a woman asleep at the piano knowing your limits with parkinson's disease

The Repercussions of Stepping out of Your Comfort Zone

Last updated: October 2022

Posy previously described how she performed at a soirée under difficult conditions. Here, she will describe her conclusions about taking risks. She wonders if she should still challenge herself to be the person she used to be before Parkinson's disease (PD).

The reward

The soirée was such a fabulous evening. It was a really gratifying, confidence-boosting experience. For Posy, it was especially wonderful after she had finished playing and could finally relax. She felt on top of the world.

She had taken her final pill much earlier in order to keep going through what would otherwise have been an off-time, but was suffering no ill consequences. Everyone sat outside in the beautiful gardens until late, enjoying the warmth, peace, and the company. Posy blushed at the compliments and met many fascinating people.

The punishment

So, what is the problem? What were the drawbacks of such an event for Posy? Well ... the fatigue! Posy dragged herself around like a sloth for the following 3 days. Her head felt like a block of wood. She could not get out of bed until most of each day had passed.

Every time Posy experiences these extended "off" days (always brought on by "too much" activity), she is convinced she will never recover. For those 3 unproductive days, she questioned her sanity for having allowed herself to be so incredibly busy for the weeks leading up to this event.

A sense of self-worth

Being "out there" and involved in music making gives Posy joy, a sense of self-worth, and keeps her brain alive. She loves to be with people and the challenge offered by performing at the soirée concert on a problematical instrument was obviously worth it!

Happily, the answer is not "just say no." Posy realizes that making music is what makes her tick. It fills her soul, gives her self-confidence, makes her forget her troubles, and gives her goals toward which she must keep going. It also gives pleasure to many other people. How lovely!

Recognizing our limitations

Posy beats herself up with disgust over her lack of incentive to exercise. She has to organize her day around any event, by waking up and starting her pill schedule at an appropriate time. This is because the day is fore-shortened by a finite number of doses. Proper exercise would almost take over her whole day. Even a walk (read: stroll) round the village can leave Posy wiped out.

Now that she is beginning to recognize her physical limitations, she hopes to be able to fine-tune her activities and to fit in some exercise! How does she manage to practice the piano when exhausted? How does she manage to stay up all night to finish writing the songs for an event and yet cannot fit in some stretches or squats? (Mind you, the knee clicking is rather off-putting!)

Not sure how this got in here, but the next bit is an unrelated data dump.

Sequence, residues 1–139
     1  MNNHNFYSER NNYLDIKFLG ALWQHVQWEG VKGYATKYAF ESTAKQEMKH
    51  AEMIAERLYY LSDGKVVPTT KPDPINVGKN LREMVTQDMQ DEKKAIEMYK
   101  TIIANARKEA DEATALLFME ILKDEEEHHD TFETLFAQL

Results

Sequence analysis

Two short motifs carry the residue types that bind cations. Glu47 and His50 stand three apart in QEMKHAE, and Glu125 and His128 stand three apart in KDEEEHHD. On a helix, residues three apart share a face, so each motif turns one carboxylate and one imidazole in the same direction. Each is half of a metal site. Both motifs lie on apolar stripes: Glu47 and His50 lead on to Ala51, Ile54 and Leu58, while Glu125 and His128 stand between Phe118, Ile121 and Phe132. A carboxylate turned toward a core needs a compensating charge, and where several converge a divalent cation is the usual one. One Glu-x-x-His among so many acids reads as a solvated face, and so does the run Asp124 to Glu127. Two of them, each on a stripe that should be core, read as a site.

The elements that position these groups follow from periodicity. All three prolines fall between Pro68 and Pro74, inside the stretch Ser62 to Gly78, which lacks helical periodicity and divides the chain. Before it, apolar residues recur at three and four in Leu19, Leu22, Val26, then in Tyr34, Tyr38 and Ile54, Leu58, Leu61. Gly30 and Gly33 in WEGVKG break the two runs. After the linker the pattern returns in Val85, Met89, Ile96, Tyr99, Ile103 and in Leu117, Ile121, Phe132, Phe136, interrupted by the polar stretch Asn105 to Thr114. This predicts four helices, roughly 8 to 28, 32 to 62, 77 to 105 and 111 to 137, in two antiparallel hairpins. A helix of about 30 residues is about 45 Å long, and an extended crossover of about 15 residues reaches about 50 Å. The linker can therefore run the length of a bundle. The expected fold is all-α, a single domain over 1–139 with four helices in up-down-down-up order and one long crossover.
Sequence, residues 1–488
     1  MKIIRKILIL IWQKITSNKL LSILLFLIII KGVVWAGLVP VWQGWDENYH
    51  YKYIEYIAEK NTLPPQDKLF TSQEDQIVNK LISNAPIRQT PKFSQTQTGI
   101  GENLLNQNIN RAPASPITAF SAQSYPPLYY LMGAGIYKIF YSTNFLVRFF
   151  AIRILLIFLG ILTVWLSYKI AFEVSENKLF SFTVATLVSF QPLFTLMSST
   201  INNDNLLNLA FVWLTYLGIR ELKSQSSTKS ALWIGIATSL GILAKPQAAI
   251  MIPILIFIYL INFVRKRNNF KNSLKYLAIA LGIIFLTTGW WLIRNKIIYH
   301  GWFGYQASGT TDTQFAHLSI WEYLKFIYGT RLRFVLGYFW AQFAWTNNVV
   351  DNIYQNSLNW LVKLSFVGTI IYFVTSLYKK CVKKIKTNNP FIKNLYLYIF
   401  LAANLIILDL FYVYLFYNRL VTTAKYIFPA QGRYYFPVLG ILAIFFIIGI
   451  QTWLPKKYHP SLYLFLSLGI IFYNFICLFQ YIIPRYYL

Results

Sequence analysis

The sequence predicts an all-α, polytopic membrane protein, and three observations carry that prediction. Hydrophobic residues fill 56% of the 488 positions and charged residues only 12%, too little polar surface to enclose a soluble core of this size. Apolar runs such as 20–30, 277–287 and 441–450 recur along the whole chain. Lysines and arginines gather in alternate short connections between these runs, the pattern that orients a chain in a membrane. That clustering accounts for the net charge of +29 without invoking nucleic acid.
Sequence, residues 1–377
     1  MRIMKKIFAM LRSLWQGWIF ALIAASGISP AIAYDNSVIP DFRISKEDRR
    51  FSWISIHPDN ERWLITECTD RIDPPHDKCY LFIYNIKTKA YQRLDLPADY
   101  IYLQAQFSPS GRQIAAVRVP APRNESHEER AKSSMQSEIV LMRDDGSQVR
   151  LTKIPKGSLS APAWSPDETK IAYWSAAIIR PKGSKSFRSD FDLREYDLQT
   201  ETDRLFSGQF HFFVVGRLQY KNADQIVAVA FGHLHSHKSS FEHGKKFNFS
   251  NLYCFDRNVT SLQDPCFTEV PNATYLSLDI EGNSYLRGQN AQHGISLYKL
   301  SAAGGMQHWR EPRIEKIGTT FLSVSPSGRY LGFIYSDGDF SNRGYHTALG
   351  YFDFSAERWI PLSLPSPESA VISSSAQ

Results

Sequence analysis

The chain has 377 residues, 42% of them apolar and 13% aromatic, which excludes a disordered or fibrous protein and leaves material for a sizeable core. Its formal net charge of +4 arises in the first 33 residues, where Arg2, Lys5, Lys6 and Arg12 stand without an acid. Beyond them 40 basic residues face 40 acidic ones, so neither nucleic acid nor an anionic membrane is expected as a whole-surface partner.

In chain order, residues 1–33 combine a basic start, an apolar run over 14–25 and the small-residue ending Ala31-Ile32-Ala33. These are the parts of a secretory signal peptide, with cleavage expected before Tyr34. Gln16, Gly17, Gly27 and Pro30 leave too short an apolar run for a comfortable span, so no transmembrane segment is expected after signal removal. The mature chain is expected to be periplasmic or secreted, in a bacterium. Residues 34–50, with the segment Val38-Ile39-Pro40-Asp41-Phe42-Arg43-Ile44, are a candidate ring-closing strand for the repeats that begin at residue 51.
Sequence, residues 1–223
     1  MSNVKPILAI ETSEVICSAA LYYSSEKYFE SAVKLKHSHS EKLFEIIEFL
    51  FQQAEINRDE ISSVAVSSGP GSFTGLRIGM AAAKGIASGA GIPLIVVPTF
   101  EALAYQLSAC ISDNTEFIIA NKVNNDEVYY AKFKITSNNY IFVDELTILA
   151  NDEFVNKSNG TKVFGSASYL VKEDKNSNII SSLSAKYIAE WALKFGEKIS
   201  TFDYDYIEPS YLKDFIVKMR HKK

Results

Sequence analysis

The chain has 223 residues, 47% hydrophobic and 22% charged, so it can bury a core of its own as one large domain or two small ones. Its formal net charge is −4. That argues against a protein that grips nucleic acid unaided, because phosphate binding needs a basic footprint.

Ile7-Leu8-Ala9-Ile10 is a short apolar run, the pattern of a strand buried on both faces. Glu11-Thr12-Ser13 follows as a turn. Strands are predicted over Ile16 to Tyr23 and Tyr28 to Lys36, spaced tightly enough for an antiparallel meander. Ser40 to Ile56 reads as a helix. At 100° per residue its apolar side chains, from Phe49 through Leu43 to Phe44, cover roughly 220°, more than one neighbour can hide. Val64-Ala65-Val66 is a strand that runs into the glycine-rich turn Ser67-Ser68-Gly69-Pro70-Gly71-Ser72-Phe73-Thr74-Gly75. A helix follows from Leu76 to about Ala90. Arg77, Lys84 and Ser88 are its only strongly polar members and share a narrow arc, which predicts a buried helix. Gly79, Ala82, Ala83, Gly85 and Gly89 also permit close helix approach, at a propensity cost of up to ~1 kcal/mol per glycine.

What happened to dance class?

When Posy was first diagnosed, she was still working. Six months later, she moved away, and retired. Her new home and lady of leisure status allowed her the time and inclination to drive 45 minutes, 3 times a week to her lovely health club for dance lessons. Her motivation was heightened by a treat: After each session, Posy and her newly acquired friends would chat over lunch on the terrace overlooking a lake. (Bliss!)

Sadly, this was not to last as Posy became too tired to drive. Then her husband retired early to look after he, so they could no longer afford the club anyway. Then it was lockdown. Zoom classes were tried and abandoned. Exercising alone was no fun!

Determined not to overdo it

Should Posy try to do a little less of everything she enjoys so that she can find the time and energy to fit in some exercise?

After the soirée, Posy was determined not to allow herself to be overwhelmingly busy ever again. She decided be less sensitive to "letting people down" when she has to pick and choose her commitments.

Most people do not see Posy when she is "off" and consequently, they have to take her word that she cannot do too many activities in a day or week. She must get a handle on this. As of today, she feels determined not to overdo things.

Scaling back

Since writing this article, Posy suddenly found herself, once again, fired with enthusiasm and committed to organizing rehearsals and composing songs for an event to take place in a couple of weeks! After a few days of composing round the clock, taking endless calls and answering millions of emails, Posy started to flounder.

In the nick of time, it was decided to streamline the event, so now Posy's input is more focussed on half, rather than all of it! Posy rose back up to the surface and is happily just busy, rather than an over-loaded, maxed-out nervous wreck all over again!

Has doing too much when you have Parkinson's caused you to "burn out?"

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This article represents the opinions, thoughts, and experiences of the author; none of this content has been paid for by any advertiser. The ParkinsonsDisease.net team does not recommend or endorse any products or treatments discussed herein. Learn more about how we maintain editorial integrity here.

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